|Rev Diabet Stud,
Visceral Obesity and Hemostatic Profile in Patients with Type 2 Diabetes: The Effect of Gender and Metabolic Compensation
Elzbieta Kozek, Barbara Katra, Maciej Malecki, Jacek Sieradzki
Department of Metabolic Diseases, Jagiellonian University, Medical College, 15 Kopernika Street, 31-501 Krakow, Poland.
Address correspondence to: Elzbieta Kozek, e-mail: email@example.com
BACKGROUND: Type 2 diabetes (T2DM) patients are characterized by a very high risk of cardiovascular diseases. Among the factors that are responsible for this phenomenon are abdominal obesity and hemostatic abnormalities. AIM OF THE STUDY: To examine the association of the markers of coagulation and fibrinolysis with the parameters of abdominal obesity and metabolic compensation in T2DM patients. METHODS: 46 T2DM patients participated in the study: 24 men (mean age 61.1 ± 7.9 years) and 22 postmenopausal women (mean age 62.6 ± 8.7 years). In each patient the content and distribution of fatty tissue was measured by a dual energy X-ray absorptiometry method (DEXA). The central abdominal fat/gynoid hip fat (CAF/GF) ratio was calculated. The following hemostatic parameters were measured: fibrinogen (Fb), factor VII (fVII), antithrombin III (ATIII), C protein (pC), tissue plasminogen activator inhibitor (PAI-1) and alpha 2 antiplasmin (alpha2 AP). In addition, the biochemical indices of metabolic compensation were measured: HbA1c, glucose levels and lipids. RESULTS: Patients of both genders were divided according to median CAF/GF ratio. The activity of PAI-1 was significantly higher in women with CAF/GF ratio ≥ 0.88 as compared to those with CAF/GF < 0.88 (2.64 ± 1.28 vs. 1.61 ± 0.27 U/ml, p < 0.05). The activity of ATIII was significantly lower in men with CAF/GF ratio ≥ 1.17, as compared to those with CAF/GF < 1.17 (105.10 ± 10.02 vs. 113.42 ± 10.72 %, p < 0.05). There was a significant correlation between the CAF/GF ratio and the activity of PAI-1 in women (r = 0.30, p < 0.05). In addition, in men the CAF/GF ratio was negatively correlated with ATIII activity (r = -0.44, p < 0.05). Multiple stepwise regression analysis demonstrated independent association between the CAF/ GF ratio and the activity of PAI-1 (p < 0.001), and between the CAF/GF ratio and the activity of alpha2 AP (p < 0.01). There was an independent association between the concentration of HbA1c and the concentration of Fb (p < 0.001) and between triglycerides and the activity of fVII (p < 0.01). CONCLUSIONS: The results of our study show that the patients with T2DM and with higher markers of abdominal obesity measured by DEXA show fibrinolysis impairment and thrombinogenesis elevation compared to those with lower abdominal obesity markers. Independent factors determining hypercoagulation also include metabolic control and lipids. Hemostatic disorders place subjects with diabetes and abdominal obesity at risk of developing vascular complications.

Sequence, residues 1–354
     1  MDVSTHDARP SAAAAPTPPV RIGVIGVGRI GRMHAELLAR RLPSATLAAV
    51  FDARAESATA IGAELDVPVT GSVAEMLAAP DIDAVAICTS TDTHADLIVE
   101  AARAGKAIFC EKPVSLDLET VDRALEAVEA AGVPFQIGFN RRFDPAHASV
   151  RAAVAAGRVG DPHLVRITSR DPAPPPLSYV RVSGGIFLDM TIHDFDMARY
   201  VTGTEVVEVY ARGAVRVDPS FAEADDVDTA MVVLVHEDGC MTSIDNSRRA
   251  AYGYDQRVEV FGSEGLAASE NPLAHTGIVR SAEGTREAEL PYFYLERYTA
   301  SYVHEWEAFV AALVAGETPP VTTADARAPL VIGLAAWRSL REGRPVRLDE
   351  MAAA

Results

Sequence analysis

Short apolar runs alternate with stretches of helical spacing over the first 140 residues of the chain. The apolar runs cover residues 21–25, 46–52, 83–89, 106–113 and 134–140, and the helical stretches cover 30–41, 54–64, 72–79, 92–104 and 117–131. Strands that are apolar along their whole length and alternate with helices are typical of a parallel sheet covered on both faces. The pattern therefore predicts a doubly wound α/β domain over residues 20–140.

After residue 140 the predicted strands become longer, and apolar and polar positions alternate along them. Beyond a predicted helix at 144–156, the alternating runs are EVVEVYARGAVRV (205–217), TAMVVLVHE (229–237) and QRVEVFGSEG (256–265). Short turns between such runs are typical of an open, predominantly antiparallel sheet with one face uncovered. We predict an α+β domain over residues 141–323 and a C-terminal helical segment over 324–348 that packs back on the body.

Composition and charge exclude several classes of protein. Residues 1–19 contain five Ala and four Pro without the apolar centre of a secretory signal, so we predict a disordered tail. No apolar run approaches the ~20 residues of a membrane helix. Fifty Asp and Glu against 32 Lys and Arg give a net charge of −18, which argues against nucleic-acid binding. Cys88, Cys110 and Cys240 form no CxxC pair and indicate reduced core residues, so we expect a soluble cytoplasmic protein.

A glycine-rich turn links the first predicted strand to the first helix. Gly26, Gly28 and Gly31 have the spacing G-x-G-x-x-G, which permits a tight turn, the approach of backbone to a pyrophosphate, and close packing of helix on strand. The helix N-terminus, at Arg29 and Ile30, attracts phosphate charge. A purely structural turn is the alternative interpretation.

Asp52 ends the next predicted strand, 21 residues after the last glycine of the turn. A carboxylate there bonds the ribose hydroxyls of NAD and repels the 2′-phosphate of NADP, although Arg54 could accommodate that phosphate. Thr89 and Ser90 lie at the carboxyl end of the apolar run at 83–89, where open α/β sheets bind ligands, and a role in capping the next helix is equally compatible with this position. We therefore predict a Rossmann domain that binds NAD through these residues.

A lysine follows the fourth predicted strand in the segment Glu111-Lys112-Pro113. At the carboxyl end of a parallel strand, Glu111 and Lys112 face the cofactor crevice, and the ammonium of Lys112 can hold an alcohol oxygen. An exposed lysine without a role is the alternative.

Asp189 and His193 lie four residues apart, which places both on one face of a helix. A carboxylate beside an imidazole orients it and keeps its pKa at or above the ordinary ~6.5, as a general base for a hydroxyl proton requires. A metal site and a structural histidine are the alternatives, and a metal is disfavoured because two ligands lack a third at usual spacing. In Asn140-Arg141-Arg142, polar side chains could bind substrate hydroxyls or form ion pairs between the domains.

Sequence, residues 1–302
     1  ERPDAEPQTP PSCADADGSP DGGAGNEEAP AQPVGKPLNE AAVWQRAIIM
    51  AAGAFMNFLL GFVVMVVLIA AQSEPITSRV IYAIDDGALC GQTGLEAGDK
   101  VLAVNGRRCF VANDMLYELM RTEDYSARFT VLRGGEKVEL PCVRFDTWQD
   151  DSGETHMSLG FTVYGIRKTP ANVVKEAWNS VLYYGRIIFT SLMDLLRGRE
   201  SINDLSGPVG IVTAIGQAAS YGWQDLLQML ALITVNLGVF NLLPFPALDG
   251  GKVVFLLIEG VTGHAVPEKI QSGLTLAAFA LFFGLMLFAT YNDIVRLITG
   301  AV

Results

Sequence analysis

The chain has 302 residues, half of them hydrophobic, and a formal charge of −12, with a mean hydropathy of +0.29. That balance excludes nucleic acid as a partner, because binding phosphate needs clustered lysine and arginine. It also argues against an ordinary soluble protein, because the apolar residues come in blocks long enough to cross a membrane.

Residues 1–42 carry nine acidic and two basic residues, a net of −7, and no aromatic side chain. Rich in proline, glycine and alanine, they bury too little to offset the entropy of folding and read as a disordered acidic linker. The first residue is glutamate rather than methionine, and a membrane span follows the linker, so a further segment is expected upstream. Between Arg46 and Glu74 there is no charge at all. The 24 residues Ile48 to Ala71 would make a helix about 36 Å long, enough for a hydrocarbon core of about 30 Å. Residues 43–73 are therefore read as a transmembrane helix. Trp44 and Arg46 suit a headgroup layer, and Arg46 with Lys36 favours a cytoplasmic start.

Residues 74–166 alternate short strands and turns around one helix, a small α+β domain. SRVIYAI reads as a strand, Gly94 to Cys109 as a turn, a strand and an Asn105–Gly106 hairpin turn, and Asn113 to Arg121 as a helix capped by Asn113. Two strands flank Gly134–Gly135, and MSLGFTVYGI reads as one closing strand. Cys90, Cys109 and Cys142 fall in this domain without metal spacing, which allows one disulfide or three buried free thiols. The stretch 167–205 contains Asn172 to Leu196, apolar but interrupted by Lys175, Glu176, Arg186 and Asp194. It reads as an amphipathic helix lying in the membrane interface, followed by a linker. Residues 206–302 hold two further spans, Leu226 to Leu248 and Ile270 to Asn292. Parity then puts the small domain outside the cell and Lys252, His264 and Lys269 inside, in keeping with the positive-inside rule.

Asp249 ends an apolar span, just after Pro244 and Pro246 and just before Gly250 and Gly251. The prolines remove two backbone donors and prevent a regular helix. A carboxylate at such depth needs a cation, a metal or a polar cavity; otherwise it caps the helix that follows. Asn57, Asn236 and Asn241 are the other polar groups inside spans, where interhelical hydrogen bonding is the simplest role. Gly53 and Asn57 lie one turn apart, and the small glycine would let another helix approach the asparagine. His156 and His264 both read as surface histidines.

|Rev Diabet Stud,
Tailored Immunosuppression and Steroid Withdrawal in Pancreas-Kidney Transplantation
Maura Rossetti, Giorgina B. Piccoli, Manuel Burdese, Cesare Guarena, Roberta Giraudi, Elisabetta Mezza, Valentina Consiglio, Giorgio Soragna, Maria Messina, Giuseppe P. Segoloni
Chair of Nephrology, Department of Internal Medicine, University of Turin, Corso Bramante 86-88, 10126 Torino, Italy.
Address correspondence to: Giorgina B. Piccoli, e-mail: firstname.lastname@example.org
BACKGROUND: Recent improvements in simultaneous pancreas-kidney transplantation (SPK) and the striking decrease in acute rejection lead us to focus on the effects of long-term immunosuppression. AIM OF THIS STUDY: Evaluation of a policy of steroid withdrawal and tailored immunosuppression in pancreas-kidney patients treated in a single center. METHODS: review of the clinical charts in 9 SPK recipients (male/female = 5/4, median age 41 years, median follow-up 42 months), by the same operator, under supervision of the two usual caregivers. Therapeutic protocols. Induction phase: all patients received mycophenolate mophetil (starting dose: 2 grams), tacrolimus and steroids, 8 received Simulect, 1 received thymoglobulins. Maintenance therapy was slowly reduced, with the goal of steroid withdrawal. RESULTS: The therapeutic adjustments were mainly determined by two almost opposing elements: 1. Rapid adjustments in the case of side-effects (gastrointestinal problems, infections and neoplasia); 2. Slow tapering off in the case of good organ function. On the other hand, a switch to cyclosporine A and to rapamycine was considered in the case of chronic organ malfunction. By these means, over a median of 42 months follow-up, steroid withdrawal was slowly obtained in 6/9 patients (at a median time of 25 months). CONCLUSIONS: Within the limits of this small-scale study, a tailored immunosuppressive policy allows at least some "positively selected" patients to reach the "dream" of steroid withdrawal after SPK.